12. 12. E = Eyes <ul><li>Cognitive Complexity: When people access a memory or figure out an answer they look away. </li></ul><ul><ul><li>During research if someone answers what should be a complex question very quickly and without looking away, it is possible they might not be telling the truth. </li></ul></ul><ul><li>Emotion: People tend to look away when they talk about something that they are ashamed of or is embarrassing to them – or if it is difficult to discuss or is emotionally evocative. </li></ul>
  13. 13. E = Eyes
  14. 14. I = Individual Gestures <ul><li>Two basic types: </li></ul><ul><ul><li>Emblems: Gestures that have a direct translation to a word or a phrase (“Ok,” “Be Quiet,” “Shame on You,” He’s Crazy.”) </li></ul></ul><ul><ul><li>Illustrators: Gesture which does not have a clear verbal translation and seems somewhat random at first glance, but it can convey a great deal of meaning. They often reveal an image in someone’s mind and his/her perceptions of the world. </li></ul></ul>
  15. 15. I = Individual Gestures <ul><li>Things communicated by Illustrators: </li></ul><ul><ul><li>How things are grouped (e.g. brands, companies, types of products or services). </li></ul></ul><ul><ul><li>How far apart things are (e.g. how closely aligned groups, people. Ideas, brands are in someone’s mind). </li></ul></ul><ul><ul><li>Where things are located in a physical space (e.g. how far away something is, where something is located in reference to something else). </li></ul></ul><ul><ul><li>The shapes of objects. </li></ul></ul><ul><ul><li>How large or small things or ideas are for a person. </li></ul></ul>
  16. 16. I = Individual Gestures <ul><li>Things communicated by Illustrators </li></ul><ul><ul><li>How we use something (e.g. an appliance). </li></ul></ul><ul><ul><li>The order of things or the steps that are taken to achieve an outcome. </li></ul></ul><ul><ul><li>To whom we are referring. </li></ul></ul><ul><ul><li>Ideas or beliefs that are important to us. </li></ul></ul><ul><li>Research respondents will gesture when responding and physically demonstrate their true feelings with their gestures. </li></ul>
  17. 17. I = Individual Gestures
  18. 18. I = Individual Gestures
  19. 19. I = Individual Gestures
  20. 20. I = Individual Gestures
  21. 21. I = Individual Gestures
  22. 22. I = Individual Gestures <ul><li>Gestures reveal how people use products. </li></ul><ul><li>Respondents also reveal the people they are thinking about or the beliefts they hold most deeply through gestures (via pointing to someone who they feel represents an example of something). </li></ul><ul><li>Respondents motion or point towards themselves when talking about something that is very important to them or that is a deeply held belief. </li></ul><ul><li>People gesture when saying words or phrases they are emphasizing. </li></ul>
  23. 23. V = Voice <ul><li>Voice reveals many things, especially emotion </li></ul><ul><ul><li>Pitch: Lower pitch when sad, higher when stressed. </li></ul></ul><ul><ul><li>Volume: Louder when excited, softer when sad. </li></ul></ul><ul><ul><li>Speed: Slower when sad, faster when happy. </li></ul></ul>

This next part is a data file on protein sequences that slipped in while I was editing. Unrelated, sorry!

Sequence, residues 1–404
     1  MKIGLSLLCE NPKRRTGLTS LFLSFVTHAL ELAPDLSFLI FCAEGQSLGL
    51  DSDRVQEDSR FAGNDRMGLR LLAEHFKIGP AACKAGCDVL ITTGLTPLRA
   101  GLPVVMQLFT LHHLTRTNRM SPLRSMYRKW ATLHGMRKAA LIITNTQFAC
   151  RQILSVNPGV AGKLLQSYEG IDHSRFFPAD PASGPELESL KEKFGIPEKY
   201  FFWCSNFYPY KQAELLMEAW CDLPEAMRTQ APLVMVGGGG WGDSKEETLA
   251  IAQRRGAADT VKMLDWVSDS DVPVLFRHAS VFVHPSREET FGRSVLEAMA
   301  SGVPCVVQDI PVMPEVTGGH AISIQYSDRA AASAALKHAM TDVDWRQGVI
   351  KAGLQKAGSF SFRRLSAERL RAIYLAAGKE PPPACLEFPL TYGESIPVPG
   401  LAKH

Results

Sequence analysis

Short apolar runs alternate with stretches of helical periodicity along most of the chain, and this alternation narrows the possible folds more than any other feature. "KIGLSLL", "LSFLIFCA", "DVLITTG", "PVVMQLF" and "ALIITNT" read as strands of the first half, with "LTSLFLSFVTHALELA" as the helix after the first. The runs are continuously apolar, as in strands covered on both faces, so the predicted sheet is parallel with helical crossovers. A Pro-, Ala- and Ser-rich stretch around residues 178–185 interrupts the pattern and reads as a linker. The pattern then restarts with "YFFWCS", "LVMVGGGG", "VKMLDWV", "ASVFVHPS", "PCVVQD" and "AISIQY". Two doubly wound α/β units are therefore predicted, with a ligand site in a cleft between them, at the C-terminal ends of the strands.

24. 24. V = Voice <ul><li>Easier States to Recognize </li></ul><ul><ul><li>Anger </li></ul></ul><ul><ul><li>Happiness </li></ul></ul><ul><ul><li>Boredom </li></ul></ul><ul><ul><li>Interest </li></ul></ul><ul><ul><li>Contempt </li></ul></ul><ul><ul><li>Sadness </li></ul></ul>
  25. 25. V = Voice <ul><li>Harder States to Recognize </li></ul><ul><ul><li>Disgust </li></ul></ul><ul><ul><li>Shame </li></ul></ul><ul><li>Identifiers in Our Voices </li></ul><ul><ul><li>Age </li></ul></ul><ul><ul><li>Gender </li></ul></ul><ul><ul><li>Social Class </li></ul></ul><ul><ul><li>Extrovert or Introvert </li></ul></ul>
  26. 26. V = Voice <ul><li>Reasons for Pauses </li></ul><ul><ul><li>Accessing a memory or figuring out an answer (serves the same function as eyes looking away when we think about something or remember details). </li></ul></ul><ul><ul><li>Remembering something not at the top of your our mind. </li></ul></ul><ul><ul><li>Having difficulty talking about something that is emotionally evocative for them. </li></ul></ul>
  27. 27. E = Existence of Adaptors <ul><li>Adaptors are small, fidgety behaviors </li></ul><ul><ul><li>Twirling a pen </li></ul></ul><ul><ul><li>Rotating a ring </li></ul></ul><ul><ul><li>Twisting one’s hair </li></ul></ul><ul><ul><li>Biting one’s lip </li></ul></ul><ul><ul><li>Biting one’s nails </li></ul></ul><ul><li>Adaptors help us deal with boredom or stress. </li></ul><ul><li>We share the need for adaptors with other primates. </li></ul><ul><li>Useful in focus groups by indicating dissatisfaction. </li></ul>
  28. 28. E = Existence of Adaptors
  29. 29. Summarizing Thoughts <ul><li>Rules for observing people in research situations: </li></ul><ul><ul><li>Watch an individual for variations from his baseline. </li></ul></ul><ul><ul><li>Watch for variations from the normal situation. </li></ul></ul><ul><ul><li>Watch for variations expressed towards different people. </li></ul></ul>